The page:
Background: Both infarct size and microvascular obstruction (MO) assessed by cardiac magnetic resonance imaging (CMR) are known to be predictors for adverse clinical outcome after ST-elevation myocardial infarction (STEMI). We hypothesized that a ratio of MO and infarct size (MO/infarct size) might be an even stronger predictor for outcome after STEMI, which has not been investigated yet.
Methods: STEMI patients reperfused by primary angioplasty (n = 438) within 12 h after symptom onset underwent contrast-enhanced CMR at a median of 3 days (interquartile range [IQR] 2;4) after the index event. MO and infarct size were measured 15 min after intravenous gadolinium injection. Follow-up was conducted after 19 months (IQR 10;27). The primary end point was defined as a composite of death, non-fatal myocardial reinfarction and congestive heart failure (major adverse cardiac events [MACE]).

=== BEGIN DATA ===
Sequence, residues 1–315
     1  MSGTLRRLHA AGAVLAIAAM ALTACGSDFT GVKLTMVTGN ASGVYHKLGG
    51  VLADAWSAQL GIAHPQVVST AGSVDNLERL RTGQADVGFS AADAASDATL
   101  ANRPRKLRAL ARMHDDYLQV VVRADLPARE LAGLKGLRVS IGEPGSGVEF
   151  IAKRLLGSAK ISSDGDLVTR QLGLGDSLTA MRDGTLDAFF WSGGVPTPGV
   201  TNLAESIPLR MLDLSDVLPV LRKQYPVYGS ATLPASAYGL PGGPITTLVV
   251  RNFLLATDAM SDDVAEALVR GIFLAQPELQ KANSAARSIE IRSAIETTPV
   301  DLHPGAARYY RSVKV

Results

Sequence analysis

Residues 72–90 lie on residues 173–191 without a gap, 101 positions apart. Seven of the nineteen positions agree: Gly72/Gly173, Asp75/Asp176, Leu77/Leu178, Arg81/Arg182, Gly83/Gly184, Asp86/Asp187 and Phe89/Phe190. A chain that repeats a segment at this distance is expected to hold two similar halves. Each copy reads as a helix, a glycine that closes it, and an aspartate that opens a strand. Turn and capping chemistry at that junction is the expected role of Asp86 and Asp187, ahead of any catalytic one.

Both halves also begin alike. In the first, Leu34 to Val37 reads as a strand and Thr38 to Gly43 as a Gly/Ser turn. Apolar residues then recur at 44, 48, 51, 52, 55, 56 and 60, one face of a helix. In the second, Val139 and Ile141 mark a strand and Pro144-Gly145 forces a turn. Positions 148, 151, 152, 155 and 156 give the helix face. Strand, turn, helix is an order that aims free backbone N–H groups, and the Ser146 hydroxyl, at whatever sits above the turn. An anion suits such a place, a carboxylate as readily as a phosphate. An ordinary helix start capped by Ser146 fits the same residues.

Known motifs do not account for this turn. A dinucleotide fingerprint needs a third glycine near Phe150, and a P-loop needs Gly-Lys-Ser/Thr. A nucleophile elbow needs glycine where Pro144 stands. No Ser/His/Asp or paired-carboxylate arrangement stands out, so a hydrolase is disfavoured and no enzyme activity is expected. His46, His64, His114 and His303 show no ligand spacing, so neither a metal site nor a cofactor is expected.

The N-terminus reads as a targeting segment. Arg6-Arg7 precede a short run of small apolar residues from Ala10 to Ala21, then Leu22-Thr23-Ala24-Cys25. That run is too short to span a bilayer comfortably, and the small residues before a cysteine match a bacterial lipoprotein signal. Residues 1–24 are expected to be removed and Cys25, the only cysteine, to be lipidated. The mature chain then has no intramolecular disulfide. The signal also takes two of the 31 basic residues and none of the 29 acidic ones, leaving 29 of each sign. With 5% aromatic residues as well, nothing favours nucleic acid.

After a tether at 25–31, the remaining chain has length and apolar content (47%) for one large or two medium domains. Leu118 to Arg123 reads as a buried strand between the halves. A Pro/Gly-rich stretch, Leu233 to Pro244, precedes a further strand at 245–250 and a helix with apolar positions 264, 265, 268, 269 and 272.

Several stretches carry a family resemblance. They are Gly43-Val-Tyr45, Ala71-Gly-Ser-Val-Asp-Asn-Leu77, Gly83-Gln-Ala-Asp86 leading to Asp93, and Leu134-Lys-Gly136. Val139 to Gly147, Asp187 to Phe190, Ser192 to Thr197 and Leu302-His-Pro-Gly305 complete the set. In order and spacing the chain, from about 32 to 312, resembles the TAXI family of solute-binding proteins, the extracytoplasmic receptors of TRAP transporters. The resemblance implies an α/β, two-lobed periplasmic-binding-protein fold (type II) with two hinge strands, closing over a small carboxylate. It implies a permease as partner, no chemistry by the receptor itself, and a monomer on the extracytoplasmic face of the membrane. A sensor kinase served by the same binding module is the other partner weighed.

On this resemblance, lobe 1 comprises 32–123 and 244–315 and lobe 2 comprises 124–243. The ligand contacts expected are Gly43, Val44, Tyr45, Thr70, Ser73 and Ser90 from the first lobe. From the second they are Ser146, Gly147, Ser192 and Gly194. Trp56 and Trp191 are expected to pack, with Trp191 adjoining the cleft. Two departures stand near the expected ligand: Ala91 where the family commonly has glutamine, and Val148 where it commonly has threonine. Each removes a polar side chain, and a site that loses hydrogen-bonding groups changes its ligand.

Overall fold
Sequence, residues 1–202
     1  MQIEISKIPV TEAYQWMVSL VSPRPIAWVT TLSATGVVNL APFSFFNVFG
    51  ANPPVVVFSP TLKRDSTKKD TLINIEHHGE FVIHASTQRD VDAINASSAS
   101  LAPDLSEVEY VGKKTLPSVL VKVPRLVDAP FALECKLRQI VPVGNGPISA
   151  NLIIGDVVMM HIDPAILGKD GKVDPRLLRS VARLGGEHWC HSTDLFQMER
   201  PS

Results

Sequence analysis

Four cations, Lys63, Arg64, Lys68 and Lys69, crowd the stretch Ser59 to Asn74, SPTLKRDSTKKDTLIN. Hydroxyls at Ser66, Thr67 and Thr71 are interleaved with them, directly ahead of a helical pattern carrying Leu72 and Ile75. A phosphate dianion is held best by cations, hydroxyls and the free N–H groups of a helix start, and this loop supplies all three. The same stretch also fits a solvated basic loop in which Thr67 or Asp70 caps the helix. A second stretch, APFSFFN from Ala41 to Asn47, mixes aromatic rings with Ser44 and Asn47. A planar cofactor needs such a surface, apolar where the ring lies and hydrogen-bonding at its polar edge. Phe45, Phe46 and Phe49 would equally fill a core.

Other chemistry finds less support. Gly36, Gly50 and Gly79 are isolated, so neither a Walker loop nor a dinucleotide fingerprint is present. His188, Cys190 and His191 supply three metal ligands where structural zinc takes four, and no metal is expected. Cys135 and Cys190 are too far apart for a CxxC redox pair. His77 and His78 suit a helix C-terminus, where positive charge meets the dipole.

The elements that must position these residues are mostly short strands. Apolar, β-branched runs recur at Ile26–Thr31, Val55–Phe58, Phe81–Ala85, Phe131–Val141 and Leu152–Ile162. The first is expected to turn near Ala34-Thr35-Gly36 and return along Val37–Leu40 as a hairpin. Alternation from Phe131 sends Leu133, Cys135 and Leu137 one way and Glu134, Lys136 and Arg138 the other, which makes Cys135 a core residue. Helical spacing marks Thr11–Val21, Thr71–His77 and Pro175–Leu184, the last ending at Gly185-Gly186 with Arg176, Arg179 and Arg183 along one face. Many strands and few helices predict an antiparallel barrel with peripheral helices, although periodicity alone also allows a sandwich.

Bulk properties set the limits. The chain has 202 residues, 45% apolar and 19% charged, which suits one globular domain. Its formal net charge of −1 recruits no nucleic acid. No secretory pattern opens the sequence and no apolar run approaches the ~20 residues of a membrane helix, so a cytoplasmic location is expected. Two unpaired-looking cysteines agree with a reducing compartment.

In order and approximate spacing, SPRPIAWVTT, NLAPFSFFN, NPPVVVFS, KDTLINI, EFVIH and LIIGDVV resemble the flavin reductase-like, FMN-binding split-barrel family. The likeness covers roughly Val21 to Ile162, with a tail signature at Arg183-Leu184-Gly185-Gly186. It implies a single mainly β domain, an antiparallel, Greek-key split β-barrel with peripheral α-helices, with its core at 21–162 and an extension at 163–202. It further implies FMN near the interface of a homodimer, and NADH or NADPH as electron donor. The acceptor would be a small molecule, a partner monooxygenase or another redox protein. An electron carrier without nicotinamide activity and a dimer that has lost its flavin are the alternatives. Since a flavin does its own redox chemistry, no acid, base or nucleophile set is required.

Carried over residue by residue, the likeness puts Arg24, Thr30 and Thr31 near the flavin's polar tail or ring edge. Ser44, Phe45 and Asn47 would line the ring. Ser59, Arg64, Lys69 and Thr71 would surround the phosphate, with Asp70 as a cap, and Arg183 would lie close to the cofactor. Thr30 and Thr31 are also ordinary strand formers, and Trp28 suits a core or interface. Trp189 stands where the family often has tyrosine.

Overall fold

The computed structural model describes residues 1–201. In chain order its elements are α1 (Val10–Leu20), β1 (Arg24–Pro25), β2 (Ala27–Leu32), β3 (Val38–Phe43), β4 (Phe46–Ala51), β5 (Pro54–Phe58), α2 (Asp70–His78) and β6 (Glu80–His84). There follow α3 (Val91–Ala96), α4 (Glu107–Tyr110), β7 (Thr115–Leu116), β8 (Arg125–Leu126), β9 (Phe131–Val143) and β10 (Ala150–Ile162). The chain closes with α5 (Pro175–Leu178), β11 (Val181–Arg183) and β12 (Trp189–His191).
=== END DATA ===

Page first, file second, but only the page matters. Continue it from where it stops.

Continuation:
Results: The extent of MO was only weakly correlated with infarct size (r = 0.21, p < 0.001). In a first multivariate analysis including extent of MO, infarct size, ejection fraction, end-systolic and end-diastolic volume, the extent of MO was independently associated with MACE (hazard ratio [HR] 1.03, 95%CI 1.02–1.05, p < 0.001). In a second multivariate analysis including MO/infarct size on top of the extent of MO, infarct size, ejection fraction, end-systolic and end-diastolic volume, MO/infarct size was identified as the strongest independent predictor for MACE (HR 2.22 [95%CI 1.60–3.08, p < 0.001]).
Conclusions: In contrast to infarct size, MO is associated with adverse clinical outcome after STEMI even after adjustment for other CMR parameters. However, MO/infarct size is a more powerful predictor for long-term outcome after STEMI than either parameter alone.